Office of the Vice President for Global Communications

Wednesday, April 18, 2012

President Mary Sue Coleman (right) meets with U.S. House Majority Leader Eric Cantor, R-Va., and former U-M provost and current University of Virginia President Teresa Sullivan. Their discussion Tuesday included such topics as immigration, Pell grants, college costs and research funding issues. It followed two days of meetings by presidents and chancellors belonging to the Association of American Universities, for which Coleman chairs the executive committee. Cantor has a son attending UVA and a daughter attending U-M. (Photo by Mike Waring, Washington Office)

U-M among first to offer courses through groundbreaking online approach
In the coming months at least seven U-M professors will offer free online courses on such diverse topics as finance, electronic voting, computer vision, and fantasy and science fiction using a new Web-based platform called Coursera. The company announced today that U-M is one of four world-class universities that will make Web-based courses available at no cost.

Five faculty members named AAAS fellows
Five U-M faculty members have been elected to the American Academy of Arts and Sciences, a prestigious society that recognizes individuals who have made significant contributions in scholarly and professional fields. The new fellows from U-M are Elisabeth Gerber, Vincent Hutchings, Shinobu Kitayama, John O'Shea and Henry Wellman.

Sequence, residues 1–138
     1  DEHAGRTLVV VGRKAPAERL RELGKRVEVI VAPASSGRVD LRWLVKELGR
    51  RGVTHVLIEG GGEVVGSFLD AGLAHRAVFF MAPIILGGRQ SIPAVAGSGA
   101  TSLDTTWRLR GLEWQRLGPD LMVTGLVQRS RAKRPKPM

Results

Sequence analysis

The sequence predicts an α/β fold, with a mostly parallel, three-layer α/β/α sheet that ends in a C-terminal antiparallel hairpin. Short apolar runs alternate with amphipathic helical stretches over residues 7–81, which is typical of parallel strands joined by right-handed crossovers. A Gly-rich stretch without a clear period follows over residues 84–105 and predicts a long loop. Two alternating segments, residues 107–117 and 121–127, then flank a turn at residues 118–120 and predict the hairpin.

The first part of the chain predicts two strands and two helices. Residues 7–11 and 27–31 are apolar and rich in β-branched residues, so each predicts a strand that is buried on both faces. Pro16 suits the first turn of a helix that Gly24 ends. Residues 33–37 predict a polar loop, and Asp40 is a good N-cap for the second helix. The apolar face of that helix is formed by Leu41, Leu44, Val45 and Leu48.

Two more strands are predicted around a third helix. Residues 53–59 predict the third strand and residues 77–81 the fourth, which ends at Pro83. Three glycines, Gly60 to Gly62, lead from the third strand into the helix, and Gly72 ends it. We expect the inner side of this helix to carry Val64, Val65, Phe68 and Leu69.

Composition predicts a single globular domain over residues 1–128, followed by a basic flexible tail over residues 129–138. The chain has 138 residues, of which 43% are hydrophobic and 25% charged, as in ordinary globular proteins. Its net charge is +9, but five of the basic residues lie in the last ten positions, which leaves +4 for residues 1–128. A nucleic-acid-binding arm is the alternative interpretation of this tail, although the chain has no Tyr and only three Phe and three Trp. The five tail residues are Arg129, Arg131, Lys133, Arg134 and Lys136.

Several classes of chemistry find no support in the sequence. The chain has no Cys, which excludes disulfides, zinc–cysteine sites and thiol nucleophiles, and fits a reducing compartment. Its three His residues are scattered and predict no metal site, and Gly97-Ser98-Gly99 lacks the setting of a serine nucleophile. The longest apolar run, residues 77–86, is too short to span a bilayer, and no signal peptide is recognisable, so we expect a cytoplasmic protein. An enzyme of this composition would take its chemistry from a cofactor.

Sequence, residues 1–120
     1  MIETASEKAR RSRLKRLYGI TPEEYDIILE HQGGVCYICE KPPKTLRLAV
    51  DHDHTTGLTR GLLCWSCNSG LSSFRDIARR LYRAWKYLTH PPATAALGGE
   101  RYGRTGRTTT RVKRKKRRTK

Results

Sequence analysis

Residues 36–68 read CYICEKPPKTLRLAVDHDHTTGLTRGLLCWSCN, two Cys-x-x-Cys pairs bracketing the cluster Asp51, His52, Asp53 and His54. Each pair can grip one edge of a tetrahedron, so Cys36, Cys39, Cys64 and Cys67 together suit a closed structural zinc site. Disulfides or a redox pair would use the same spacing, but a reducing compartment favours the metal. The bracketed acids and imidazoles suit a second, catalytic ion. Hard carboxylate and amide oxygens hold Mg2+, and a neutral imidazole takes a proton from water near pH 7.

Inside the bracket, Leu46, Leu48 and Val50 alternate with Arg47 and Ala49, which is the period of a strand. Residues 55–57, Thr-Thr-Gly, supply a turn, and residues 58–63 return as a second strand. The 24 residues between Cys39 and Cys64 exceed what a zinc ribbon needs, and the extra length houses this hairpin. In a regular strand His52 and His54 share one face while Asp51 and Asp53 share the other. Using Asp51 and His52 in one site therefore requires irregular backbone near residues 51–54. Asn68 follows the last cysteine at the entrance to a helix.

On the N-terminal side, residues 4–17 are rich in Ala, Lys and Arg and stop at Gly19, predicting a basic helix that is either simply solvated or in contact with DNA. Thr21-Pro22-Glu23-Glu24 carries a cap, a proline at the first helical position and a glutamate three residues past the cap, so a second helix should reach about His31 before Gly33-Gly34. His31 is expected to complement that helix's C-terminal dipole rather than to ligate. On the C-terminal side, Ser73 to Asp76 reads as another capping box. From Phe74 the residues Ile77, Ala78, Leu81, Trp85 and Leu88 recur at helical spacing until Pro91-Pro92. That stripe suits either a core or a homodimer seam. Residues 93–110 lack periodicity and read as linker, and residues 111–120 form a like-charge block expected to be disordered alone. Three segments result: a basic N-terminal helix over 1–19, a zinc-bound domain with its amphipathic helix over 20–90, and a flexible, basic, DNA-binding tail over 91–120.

REMINDER: Work/Life Champion Award for Supervisors nomination deadline
Friday is the final day to nominate someone for the Work/Life Champion Award for Supervisors, which recognizes faculty and staff supervisors who promote work/life balance through consistent recognition of and responsiveness to their employees' professional and personal lives, incorporating important job demands along with customer and team needs.

The Michigan Difference

Improving genetic testing for cancer
Xudong Fan, associate professor of biomedical engineering, and a team of colleagues have developed a better way to detect the genetic mutations that may lead to cancer. Their liquid laser will help to make these slight mutations more obvious and thus easier to detect. The team is pursuing partners to help bring this new technology to market.